Book Brahmin: Aimee Phan

A 2010 National Endowment of the Arts Creative Writing Fellow, Aimee Phan received her MFA from the University of Iowa. Her first story collection, We Should Never Meet, received the Association for Asian American Studies Book Award in Prose, was named a Notable Book by the Kiryama Prize in fiction and was a finalist for the Asian American Literary Awards. Her writing has appeared in the New York Times, USA Today and the Oregonian. She grew up in Orange County, Calif., and now teaches in the MFA program at California College of the Arts. Phan's first novel, The Reeducation of Cherry Truong, was published by St. Martin's Press on March 13, 2012.

On your nightstand now:

Marjane Satrapi's Persepolis and Jeffrey Eugenides's The Marriage Plot.

Favorite book when you were a child:

Judy Blume's Starring Sally J. Freedman as Herself and Just As Long As We're Together and Beverly Cleary's Ramona series.

Your top five authors:

Jessica Hagedorn, Gish Jen, Kazuo Ishiguro, Sherman Alexie and Junot Diaz.

Book you've faked reading:

Philip Roth. (I did not fake it very well. I just vaguely nodded at these acquaintances at the dinner party. Later, I was told they assumed I hated Roth, which I don't.)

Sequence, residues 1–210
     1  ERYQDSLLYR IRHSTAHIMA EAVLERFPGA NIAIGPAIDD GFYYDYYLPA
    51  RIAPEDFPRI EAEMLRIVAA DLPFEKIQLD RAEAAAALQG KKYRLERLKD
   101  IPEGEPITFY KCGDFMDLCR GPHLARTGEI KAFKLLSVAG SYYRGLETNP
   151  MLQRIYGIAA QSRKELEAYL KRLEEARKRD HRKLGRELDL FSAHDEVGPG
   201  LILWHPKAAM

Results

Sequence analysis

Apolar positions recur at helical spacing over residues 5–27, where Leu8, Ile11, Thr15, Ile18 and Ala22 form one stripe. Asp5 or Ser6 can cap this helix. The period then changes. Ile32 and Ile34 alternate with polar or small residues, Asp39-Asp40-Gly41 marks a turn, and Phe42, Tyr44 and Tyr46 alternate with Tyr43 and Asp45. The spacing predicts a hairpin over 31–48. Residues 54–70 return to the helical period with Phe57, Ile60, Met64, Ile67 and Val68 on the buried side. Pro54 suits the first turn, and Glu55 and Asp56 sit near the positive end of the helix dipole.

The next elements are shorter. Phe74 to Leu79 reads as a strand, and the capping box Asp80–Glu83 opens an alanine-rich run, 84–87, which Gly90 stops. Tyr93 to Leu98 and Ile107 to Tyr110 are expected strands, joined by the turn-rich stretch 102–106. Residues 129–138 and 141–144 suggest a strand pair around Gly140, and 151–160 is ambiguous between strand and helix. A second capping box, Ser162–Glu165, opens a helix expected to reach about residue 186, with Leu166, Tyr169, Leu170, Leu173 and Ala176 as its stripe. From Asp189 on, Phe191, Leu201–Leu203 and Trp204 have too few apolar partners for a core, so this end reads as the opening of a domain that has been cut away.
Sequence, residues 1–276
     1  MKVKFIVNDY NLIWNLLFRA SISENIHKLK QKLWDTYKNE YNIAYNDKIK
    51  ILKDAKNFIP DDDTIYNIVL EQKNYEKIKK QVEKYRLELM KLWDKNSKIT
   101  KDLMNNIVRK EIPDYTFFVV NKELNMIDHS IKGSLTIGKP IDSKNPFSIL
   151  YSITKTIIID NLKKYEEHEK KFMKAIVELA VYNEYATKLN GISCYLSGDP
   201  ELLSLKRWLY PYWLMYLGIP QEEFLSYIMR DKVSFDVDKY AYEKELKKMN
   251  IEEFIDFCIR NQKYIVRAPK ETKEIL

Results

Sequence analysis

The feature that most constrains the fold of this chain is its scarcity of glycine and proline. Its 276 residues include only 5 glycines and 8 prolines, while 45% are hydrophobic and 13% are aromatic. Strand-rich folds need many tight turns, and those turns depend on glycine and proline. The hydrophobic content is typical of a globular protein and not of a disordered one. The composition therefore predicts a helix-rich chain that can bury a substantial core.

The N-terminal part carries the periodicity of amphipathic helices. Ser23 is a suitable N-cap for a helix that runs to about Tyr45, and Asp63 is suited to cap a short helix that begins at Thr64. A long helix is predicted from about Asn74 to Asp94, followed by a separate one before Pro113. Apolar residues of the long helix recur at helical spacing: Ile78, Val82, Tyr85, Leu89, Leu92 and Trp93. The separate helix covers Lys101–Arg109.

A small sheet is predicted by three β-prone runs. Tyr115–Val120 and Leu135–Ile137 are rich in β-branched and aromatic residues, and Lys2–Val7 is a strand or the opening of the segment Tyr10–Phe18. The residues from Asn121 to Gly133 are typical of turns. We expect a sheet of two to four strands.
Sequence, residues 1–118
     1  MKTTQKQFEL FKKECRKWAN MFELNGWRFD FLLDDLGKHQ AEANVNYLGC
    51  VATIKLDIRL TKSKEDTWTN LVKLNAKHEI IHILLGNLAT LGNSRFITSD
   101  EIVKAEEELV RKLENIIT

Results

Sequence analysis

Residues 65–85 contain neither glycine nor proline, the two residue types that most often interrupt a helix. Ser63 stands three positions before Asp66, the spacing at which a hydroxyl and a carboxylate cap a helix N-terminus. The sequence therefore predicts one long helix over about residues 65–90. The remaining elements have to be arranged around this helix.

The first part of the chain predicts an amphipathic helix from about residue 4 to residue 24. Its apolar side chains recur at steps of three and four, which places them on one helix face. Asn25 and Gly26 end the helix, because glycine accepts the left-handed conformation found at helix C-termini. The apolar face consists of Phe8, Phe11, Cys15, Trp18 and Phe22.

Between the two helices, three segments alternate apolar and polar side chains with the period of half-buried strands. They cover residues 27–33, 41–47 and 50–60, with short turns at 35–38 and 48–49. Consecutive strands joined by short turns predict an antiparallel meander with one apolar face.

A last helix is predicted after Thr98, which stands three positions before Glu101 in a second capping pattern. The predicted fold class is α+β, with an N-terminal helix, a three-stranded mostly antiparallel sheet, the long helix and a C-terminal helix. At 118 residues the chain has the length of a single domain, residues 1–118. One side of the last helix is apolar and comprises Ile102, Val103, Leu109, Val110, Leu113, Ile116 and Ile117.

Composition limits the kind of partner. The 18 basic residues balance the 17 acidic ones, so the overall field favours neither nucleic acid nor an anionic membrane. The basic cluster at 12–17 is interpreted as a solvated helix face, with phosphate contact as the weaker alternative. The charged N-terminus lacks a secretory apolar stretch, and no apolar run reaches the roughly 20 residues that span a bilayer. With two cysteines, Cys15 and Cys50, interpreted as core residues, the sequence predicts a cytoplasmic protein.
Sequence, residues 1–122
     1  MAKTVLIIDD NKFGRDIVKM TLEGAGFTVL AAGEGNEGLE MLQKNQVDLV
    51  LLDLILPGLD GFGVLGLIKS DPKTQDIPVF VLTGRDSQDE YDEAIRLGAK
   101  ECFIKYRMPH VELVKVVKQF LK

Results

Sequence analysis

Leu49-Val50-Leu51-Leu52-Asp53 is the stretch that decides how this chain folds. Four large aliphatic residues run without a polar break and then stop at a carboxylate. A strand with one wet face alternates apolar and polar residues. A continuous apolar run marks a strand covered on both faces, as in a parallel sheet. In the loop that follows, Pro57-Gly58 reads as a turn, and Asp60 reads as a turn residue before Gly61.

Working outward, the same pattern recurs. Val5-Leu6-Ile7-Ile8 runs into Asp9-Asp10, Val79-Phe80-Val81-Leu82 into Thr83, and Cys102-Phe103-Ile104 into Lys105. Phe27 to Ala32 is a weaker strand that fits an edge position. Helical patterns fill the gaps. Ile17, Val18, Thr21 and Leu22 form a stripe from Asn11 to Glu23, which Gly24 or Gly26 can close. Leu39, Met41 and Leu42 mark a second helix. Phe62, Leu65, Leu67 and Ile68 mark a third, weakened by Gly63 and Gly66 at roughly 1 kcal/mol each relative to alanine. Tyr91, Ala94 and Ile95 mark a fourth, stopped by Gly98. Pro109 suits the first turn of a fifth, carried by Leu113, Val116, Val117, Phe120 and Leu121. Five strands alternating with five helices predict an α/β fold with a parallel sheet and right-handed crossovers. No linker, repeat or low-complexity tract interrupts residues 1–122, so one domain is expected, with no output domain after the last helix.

Book you're an evangelist for:

Never Let Me Go by Kazuo Ishiguro.

Book you've bought for the cover:

I found a 1952 edition of Steinbeck's East of Eden at a used bookstore that I bought for its salacious cover. It had this seductive temptress leaning against a barren tree, and I can only assume the woman was supposed to be Cathy. But it was one of my favorite books before that. So different from what the cover was trying to suggest was inside.

Book that changed your life:

Amy Tan's The Joy Luck Club. This book arrived at a pivotal point in my life in high school. She made me realize that as an Asian American woman, I could write, and that our stories were worth telling.

Favorite line from a book:

"Indeed--why should I not admit it?--in that moment, my heart was breaking." --from Ishiguro's The Remains of the Day. It's all the careful, precise writing the author did beforehand to earn that wonderful line.

Book you most want to read again for the first time:

The Hunger Games trilogy. I devoured those books in a single weekend.

Favorite book as a parent to read to my child:

Princess Prunella and the Purple Peanut by Margaret Atwood. I think it's out of print because my colleague had to go searching for a used copy to give to me at my baby shower. It is a fantastic story and so cleverly, hilariously told. My three-year-old daughter has it memorized. Who knew Atwood could thrill at every age level?!

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